Journal of Diabetes and Metabolic Disorders 2004. 4(0):100-.

Mohammad Ali Boroumand, Leila Sam, Seyed Hesameddin Abbasi, Mojtaba Salarifar, Ebrahim Kassaian, Saeedeh Forghani


Background: This study was performed to evaluate the prevalence and risk factors of asymptomatic bacteriuria (ASB) in women with type 2 diabetes mellitus in Iranian population.

Methods: Between March 2003 and December 2003, 202 nonpregnant women with diabetes type 2 who were between 31 to 78 years old and had no abnormalities of the urinary tract system were included. We defined ASB as the presence of at least 105 colony-forming units/ml of 1 or 2 bacterial species, in two separated cultures of clean-voided midstream urine. All the participants were free from any symptoms of urinary tract infection (UTI). Risk factors for developing bacteriuria was assessed and compared in participants with and without bacteriuria.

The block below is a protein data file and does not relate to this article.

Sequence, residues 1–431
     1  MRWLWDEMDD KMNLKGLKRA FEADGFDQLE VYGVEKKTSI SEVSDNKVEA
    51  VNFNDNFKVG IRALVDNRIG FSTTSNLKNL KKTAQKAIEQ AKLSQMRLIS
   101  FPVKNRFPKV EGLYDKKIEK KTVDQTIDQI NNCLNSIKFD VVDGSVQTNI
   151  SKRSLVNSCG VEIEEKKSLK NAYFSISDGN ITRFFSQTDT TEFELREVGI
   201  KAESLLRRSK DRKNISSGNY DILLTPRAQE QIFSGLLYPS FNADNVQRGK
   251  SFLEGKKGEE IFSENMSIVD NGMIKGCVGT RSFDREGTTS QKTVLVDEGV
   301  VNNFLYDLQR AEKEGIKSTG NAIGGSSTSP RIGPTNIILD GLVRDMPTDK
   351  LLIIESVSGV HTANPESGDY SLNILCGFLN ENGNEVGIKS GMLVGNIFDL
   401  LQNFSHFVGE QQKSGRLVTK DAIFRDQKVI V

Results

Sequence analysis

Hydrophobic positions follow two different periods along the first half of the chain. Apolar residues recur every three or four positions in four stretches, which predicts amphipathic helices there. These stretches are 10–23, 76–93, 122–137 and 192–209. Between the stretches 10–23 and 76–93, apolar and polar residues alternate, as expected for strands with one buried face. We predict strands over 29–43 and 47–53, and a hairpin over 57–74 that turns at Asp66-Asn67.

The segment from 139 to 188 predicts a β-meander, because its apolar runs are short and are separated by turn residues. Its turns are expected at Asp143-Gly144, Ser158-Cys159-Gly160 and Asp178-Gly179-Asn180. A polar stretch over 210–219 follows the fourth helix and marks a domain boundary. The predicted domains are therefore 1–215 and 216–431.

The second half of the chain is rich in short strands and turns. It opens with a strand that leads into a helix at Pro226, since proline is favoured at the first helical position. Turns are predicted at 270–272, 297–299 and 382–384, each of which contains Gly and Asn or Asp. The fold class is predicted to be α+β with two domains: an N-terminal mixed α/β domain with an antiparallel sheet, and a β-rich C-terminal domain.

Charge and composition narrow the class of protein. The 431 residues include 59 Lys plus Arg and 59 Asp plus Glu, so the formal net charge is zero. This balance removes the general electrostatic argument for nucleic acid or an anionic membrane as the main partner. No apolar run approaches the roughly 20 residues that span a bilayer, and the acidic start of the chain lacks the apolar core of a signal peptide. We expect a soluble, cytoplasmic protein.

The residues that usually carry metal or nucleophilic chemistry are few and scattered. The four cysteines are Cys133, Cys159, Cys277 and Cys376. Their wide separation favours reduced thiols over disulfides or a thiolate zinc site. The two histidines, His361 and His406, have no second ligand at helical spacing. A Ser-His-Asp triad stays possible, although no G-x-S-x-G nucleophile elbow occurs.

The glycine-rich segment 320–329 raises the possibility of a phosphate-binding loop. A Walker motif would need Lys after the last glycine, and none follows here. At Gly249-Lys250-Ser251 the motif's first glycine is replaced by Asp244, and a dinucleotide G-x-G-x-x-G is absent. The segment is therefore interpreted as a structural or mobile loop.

Results: In this study, the prevalence of ASB was 10.9% among diabetic women. E.coli was the most prevalent microorganism responsible for positive urine culture. Most of the isolated microorganisms were resistant to Co-trimoxazole, Nalidixic acid and Ciprofloxacin.  Pyuria (P<0.001) and glucosuria (P<0.05) had meaningful relation with bacteriuria but no association was evident between age (P<0.45), duration of diabetes (P<0.09), macroalbuminuria (P<0.10) and HbA1c level (P<0.75), and the presence of ASB.

Conclusion: The prevalence of ASB is more prevalent in women with type 2 diabetes, which pyuria and glucosuria can be considered as risk factors in this regard. Routine urine culture can be recommended for diabetic women even when there is not any urinary symptom. 


Asymptomatic bacteriuria, Type 2 diabetes mellitus, Women,


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